Amid a new storm of controversy following the publication of internal research documents which underlined the negative impacts that its apps can have on users, Facebook says that it will introduce new measures to help address some key areas of concern, including harmful impacts on teens and the amplification of divisive content.
- Reduce the presence of politics on people’s feeds, in line with user feedback that they want “more friends, less politics”
- Add a new prompt on Instagram which will detect when teen users are repeatedly engaging with content that may not be conducive to their well-being, then ‘nudge’ them to look at other content instead
- Add a new ‘take a break’ feature on Instagram, which will prompt teens to take time away from the app
Facebook will be hoping that these new measures, which don’t have a launch timeframe as yet, will help to lessen the growing pushback against the app, after former Facebook product manager Frances Haugen went public with a range of internal research reports which appear to suggest that Facebook is aware of various harms that it’s causing users, and society more broadly.
Haugen’s view is that Facebook has willfully ignored at least some of these findings, as addressing them would likely have impacts on Facebook usage rates.
Facebook has strongly denied these claims, with CEO Mark Zuckerberg noting that it conducts such research with the expressed intent of understanding how it can improve.
As per Zuckerberg:
“If we wanted to ignore research, why would we create an industry-leading research program to understand these important issues in the first place? If we didn't care about fighting harmful content, then why would we employ so many more people dedicated to this than any other company in our space - even ones larger than us? If we wanted to hide our results, why would we have established an industry-leading standard for transparency and reporting on what we're doing?”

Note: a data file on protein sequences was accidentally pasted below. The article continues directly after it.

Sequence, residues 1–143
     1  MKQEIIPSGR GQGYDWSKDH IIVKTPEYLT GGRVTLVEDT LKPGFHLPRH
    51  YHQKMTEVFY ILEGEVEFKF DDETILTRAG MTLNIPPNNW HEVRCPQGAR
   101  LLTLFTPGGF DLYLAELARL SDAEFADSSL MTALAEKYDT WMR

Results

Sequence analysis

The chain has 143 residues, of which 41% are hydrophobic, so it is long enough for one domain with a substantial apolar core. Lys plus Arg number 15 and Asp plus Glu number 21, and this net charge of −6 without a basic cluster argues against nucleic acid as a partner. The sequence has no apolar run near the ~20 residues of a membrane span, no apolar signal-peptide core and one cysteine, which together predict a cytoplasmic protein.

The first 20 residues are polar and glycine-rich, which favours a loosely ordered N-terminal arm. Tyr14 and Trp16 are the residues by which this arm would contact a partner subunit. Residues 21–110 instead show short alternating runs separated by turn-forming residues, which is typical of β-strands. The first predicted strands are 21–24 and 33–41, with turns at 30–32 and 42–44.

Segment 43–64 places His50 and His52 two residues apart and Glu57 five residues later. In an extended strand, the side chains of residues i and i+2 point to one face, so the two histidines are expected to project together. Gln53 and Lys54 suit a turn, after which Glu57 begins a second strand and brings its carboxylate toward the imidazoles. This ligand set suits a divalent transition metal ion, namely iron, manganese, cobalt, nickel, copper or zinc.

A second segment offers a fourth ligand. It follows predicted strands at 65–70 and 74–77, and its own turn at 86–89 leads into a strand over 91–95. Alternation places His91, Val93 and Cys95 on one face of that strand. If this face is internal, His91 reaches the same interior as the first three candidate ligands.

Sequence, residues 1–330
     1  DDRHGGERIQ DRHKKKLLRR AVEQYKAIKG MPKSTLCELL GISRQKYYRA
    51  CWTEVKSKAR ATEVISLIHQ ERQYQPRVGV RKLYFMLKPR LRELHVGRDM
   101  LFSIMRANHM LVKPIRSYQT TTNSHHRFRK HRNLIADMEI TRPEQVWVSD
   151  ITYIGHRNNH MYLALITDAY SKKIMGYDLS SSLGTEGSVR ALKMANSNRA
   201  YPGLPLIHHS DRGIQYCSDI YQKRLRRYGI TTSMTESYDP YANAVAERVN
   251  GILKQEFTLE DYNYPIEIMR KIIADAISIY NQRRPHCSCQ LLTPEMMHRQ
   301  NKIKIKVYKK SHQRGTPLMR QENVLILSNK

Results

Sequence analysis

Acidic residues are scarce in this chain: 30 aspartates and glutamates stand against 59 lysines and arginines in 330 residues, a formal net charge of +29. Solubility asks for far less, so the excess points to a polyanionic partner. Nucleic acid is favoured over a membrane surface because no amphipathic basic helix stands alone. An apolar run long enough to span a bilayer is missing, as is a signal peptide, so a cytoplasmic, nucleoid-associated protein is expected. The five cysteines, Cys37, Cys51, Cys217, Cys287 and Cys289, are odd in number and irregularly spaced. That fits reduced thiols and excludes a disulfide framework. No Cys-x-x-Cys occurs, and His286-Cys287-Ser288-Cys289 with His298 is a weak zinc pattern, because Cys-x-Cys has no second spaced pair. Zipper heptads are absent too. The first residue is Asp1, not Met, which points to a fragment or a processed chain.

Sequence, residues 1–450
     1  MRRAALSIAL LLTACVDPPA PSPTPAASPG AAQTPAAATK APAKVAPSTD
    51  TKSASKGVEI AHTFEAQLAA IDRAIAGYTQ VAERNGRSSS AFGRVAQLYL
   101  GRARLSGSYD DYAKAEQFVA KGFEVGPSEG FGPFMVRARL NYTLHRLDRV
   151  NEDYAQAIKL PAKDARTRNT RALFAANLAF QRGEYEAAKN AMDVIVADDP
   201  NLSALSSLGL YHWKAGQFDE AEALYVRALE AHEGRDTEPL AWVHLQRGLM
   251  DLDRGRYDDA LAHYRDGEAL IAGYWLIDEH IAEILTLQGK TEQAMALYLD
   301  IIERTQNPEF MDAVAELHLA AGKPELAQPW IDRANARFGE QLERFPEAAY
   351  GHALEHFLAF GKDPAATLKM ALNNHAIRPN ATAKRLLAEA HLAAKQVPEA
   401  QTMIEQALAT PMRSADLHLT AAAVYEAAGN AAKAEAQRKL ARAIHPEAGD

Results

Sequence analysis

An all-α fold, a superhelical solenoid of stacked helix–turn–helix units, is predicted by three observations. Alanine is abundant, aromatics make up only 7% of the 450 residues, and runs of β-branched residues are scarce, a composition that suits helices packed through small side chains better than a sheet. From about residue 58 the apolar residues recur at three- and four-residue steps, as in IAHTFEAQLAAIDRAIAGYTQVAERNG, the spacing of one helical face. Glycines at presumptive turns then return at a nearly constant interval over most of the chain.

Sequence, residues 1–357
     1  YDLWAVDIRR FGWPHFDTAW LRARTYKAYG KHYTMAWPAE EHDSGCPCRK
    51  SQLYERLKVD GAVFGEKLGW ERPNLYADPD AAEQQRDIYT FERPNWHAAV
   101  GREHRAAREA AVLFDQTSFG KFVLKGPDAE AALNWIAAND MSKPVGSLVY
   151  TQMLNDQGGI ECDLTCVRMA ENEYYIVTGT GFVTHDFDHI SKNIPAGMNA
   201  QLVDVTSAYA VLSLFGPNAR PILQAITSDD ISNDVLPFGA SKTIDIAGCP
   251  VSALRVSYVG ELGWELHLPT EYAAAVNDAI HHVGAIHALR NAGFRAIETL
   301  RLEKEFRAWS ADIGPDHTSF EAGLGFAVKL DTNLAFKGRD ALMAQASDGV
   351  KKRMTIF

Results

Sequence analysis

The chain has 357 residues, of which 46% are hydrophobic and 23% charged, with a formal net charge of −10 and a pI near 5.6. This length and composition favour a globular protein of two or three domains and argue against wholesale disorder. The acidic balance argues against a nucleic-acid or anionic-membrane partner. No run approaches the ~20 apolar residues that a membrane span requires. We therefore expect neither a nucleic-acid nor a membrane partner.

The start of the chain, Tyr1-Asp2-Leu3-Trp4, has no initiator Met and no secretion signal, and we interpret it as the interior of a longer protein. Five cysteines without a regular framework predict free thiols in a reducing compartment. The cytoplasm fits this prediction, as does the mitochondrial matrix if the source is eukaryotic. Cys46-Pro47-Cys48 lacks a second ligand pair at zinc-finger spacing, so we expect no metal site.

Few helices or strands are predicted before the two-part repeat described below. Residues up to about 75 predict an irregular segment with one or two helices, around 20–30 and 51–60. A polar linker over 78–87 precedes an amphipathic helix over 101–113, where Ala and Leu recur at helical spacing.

Zuckerberg also specifically addressed the idea that the company prioritizes profit over safety, noting that:
“We make money from ads, and advertisers consistently tell us they don't want their ads next to harmful or angry content. And I don't know any tech company that sets out to build products that make people angry or depressed. The moral, business and product incentives all point in the opposite direction.”
The complexity of the various elements at play make it hard to understand what, exactly, is Facebook’s true motivation in this respect, but Haugen’s contention is that Facebook’s News Feed algorithm, in particular, is a key source of the platform’s issues, with the system showing users more divisive, more angst-inducing content in the app in order to spur more engagement, and therefore drive more Facebook usage.
Haugen’s proposed solution is to force Facebook to remove engagement-based algorithms entirely, via reforms to Section 230 laws in the US, a move that Facebook will likely oppose, given the benefits that it does derive from algorithm-defined engagement.
Instead, Facebook has sought to provide alternative solutions, such as reducing algorithmic influence in the amplification of certain content. But the real question Facebook needs to answer is whether its algorithms do, in fact, amplify divisive, misleading and harmful content. If that’s the case, then it does seem that some level of reform is necessary, with the specifics of such potentially built into law, as per Haugen’s suggestion.
On this front, Clegg says that Facebook would be open to the idea of letting regulators have access to Facebook’s algorithms that are used to amplify content. That could be a big step – and in a broader sense, Facebook does appear to be open to legal reforms that would apply to all social platforms, and would take some of these decisions out of its hands.
From a PR perspective, the look here is not great, with Facebook being portrayed as a source of underlying evil that’s willfully amplifying harmful movements for the greater good of its own company. But in actuality, it does seem as though Facebook is on board with calls for increased movement on this front, even if the revelations have not been brought about as it would have preferred.
Facebook hasn’t helped itself with its combative, defensive approach to the latest revelations, but Haugen’s efforts may indeed be a critical step in improving broader understanding of the impacts of social networks, and the ways in which we can improve such systems to address these key areas of concern.
It’s early days yet, but Facebook now appears to be saying the right things. And if the company does indeed allow more internal access, that could be a major step in the right direction for addressing these elements.